Editor's note: CNN.com's "Going Home" series explores the notion of returning to our hometowns as adults, whether it's to visit, to take the rest of our childhood things as our parents sell their home or to return to live. Once the childhood home is gone, is it even possible? Read Part Two and Part Three.
(CNN) -- I remember the exact moment when I first thought I could move back to Ohio from California. It hit me on a hot August morning on a visit to my sister in Columbus, as I walked to a local coffee shop.
"You could live here."
The thought was so foreign it caused a physical response. I stopped and shook my head, as though an errant bird had plowed into me.
"No, I could not," I said firmly to whatever voice had popped into my psyche.
I could not possibly choose to live in a city that's nickname was -- somewhat unrighteously -- "cowtown" over San Francisco, the city by the bay, the city where people leave their hearts, sing the blues and honeymoon, drinking Champagne and lime.
I could not.
And yet, here I was, stopped on the sidewalk in the blistering morning sun, trying to decide if the next step I took was toward something hopeful and necessary or a step away from everything I believed was important to my life.
This visit to Columbus was just my latest over the past 18 months. I had started flying into Ohio's capital city from where I lived in San Francisco because it was cheaper than flying into Dayton, my true hometown, some 75 miles to the west, where my father lie battling pancreatic cancer.
Ours had been a complicated relationship, distant and wary. But in his final months, the past didn't matter. I understood -- finally -- that I wanted to be a daughter who sat by his side as often as I could until the very end because that's who I was, not because I thought it would make him the kind of father I wanted him to be.
After he died, everything shifted. San Francisco, where I had lived for the past six years working as a food writer and restaurant critic, no longer felt like home.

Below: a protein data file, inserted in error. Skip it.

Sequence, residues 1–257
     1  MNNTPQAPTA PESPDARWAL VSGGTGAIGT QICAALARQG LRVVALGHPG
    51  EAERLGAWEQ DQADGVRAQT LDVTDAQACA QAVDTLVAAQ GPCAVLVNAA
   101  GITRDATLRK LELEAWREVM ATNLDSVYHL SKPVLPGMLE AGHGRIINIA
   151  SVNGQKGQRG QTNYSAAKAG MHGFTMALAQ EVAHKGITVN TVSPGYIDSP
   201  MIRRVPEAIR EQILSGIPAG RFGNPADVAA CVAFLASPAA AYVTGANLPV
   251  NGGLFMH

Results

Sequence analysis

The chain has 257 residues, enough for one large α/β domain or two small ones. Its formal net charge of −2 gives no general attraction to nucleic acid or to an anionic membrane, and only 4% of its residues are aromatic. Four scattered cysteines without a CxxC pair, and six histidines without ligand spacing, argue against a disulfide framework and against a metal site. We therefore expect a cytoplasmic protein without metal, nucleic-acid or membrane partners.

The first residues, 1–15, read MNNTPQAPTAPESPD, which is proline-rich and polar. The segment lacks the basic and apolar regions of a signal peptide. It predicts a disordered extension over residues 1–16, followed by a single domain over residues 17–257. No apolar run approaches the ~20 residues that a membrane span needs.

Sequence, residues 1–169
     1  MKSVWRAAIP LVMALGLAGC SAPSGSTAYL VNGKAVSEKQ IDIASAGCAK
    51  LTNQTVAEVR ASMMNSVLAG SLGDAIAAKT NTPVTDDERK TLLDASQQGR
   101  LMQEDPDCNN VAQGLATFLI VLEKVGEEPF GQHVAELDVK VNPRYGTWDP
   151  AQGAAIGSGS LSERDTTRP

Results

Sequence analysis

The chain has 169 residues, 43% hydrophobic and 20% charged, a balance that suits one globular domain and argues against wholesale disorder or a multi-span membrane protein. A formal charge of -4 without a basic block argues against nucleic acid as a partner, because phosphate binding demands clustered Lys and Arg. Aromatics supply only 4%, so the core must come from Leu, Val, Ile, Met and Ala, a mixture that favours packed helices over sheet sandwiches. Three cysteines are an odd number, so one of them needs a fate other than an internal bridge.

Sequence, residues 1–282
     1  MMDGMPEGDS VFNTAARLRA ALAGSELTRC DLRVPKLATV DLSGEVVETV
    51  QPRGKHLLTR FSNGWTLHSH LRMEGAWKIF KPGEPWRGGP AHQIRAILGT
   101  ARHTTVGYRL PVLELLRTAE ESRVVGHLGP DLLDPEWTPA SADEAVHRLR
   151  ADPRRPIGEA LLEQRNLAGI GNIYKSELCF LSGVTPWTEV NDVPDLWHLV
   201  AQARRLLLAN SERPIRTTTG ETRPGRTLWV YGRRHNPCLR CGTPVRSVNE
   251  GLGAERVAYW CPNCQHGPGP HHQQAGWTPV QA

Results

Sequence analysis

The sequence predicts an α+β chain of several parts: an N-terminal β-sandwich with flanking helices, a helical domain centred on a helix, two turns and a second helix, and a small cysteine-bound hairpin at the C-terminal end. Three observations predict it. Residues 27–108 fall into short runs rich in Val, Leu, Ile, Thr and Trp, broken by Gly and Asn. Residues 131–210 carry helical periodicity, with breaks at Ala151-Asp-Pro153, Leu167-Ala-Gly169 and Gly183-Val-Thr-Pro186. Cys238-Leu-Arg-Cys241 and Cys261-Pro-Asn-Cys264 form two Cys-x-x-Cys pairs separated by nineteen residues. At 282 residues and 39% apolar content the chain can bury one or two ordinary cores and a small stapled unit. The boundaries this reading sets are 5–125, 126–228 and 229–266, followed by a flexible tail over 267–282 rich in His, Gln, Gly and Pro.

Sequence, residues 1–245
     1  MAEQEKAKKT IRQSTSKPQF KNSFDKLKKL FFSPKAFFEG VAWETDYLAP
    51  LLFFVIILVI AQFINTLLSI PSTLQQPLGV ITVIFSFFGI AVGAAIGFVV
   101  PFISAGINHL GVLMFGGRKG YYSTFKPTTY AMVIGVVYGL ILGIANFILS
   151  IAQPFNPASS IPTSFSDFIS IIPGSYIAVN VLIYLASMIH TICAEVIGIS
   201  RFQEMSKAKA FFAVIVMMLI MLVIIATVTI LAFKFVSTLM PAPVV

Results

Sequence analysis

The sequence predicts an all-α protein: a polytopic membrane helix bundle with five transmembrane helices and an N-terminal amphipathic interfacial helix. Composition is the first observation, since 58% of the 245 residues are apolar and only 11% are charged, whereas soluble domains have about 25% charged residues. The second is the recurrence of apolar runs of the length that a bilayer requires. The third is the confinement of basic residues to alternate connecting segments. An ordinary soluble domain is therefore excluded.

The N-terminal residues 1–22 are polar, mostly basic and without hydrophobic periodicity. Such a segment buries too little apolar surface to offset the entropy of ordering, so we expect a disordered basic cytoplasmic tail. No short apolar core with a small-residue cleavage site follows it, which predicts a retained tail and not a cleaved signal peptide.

How was that possible? The job, the life, the city itself represented everything I had dreamed of from the moment I had shut the door on my family and Ohio more than a decade before to first move to California. I had flittered all over the Golden State before finally landing in San Francisco, a city that quickly enchanted me with its fog and food.
And yet now, in these months since my father's death, I felt empty and lost. The city didn't seem to sparkle as brightly; my job no longer offered the glow of accomplishment it once had.
I continued to make pilgrimages to the Midwest, longing for closeness to my sister who was starting to build her family and to a life that I somehow believed would be simpler than the one I was living on the West Coast.
Isn't that what so many of us are looking for when we consider moving home: an ease to living without complications, a time from our childhood when our concerns were no bigger than the towering soft serve ice cream cones we tried to balance while riding our bikes?
So I stood now on Grandview Avenue, with the aroma of coffee beckoning me to move forward, and a voice in my head telling me I should stay.
I could, of course, live here. I could quit my job with the Chronicle, pack up my studio apartment and drive to Columbus. I could find a job writing or cooking or something. And I could settle into what I imagined would be a quiet existence.
Because that's what it would be if I moved to Columbus, right? Just a simple life in my hometown state with the pop-up thunderstorms and fireflies of summer followed by college football games and Christmas with snow.
I believed Ohio would not include traffic or crazy housing prices. I had myself convinced that the endless search for the next best restaurant or food trend would cease, too, because I would be finished with the food writing part of my career. And the snob I had become said I would be through with drama of relationships because there couldn't possibly be anyone that could hold my interest or steal my heart in central Ohio.
It all sounded so appealing, in those early weeks of grief after losing my second parent (my mother had died years before).
I took the plunge: I did quit my job and move to Columbus a few months after that summer morning.
But aside from the fireflies and football and snow, none of it turned out as I envisioned.
The traffic here can be brutal, and the housing prices in the past 10 years have fluctuated wildly. I'm still chasing stories, mostly about food, just now at the Columbus Dispatch.
My desire to be close to family actually included making one of my own. I married a widower with three young children -- because my heart was stolen by not one person but by four. Very few things about motherhood in general are simple or quiet and, I could argue, that's doubly true with stepmotherhood.
Some might say -- and I do -- that the voice I heard on the sidewalk on that day wasn't my own internal longing, but was capital "g" God calling me to a new life.
I wasn't called away. And I didn't run away. The middle of Ohio didn't turn out to be my escape, but it was the beginning of a new kind of life. Not one of tranquility -- in fact often the opposite -- but one that forces me to focus outward toward my family and my faith, not inward on my own fears and thoughts of self-importance.
Robin Davis is a food writer for the Columbus Dispatch and the author of "Recipe for Joy: A Stepmom's Story of Finding Faith, Following Love and Feeding a Family."
Where is home for you and where do you want to return to visit or stay? Please share in the comments below and participate in our iReport assignment.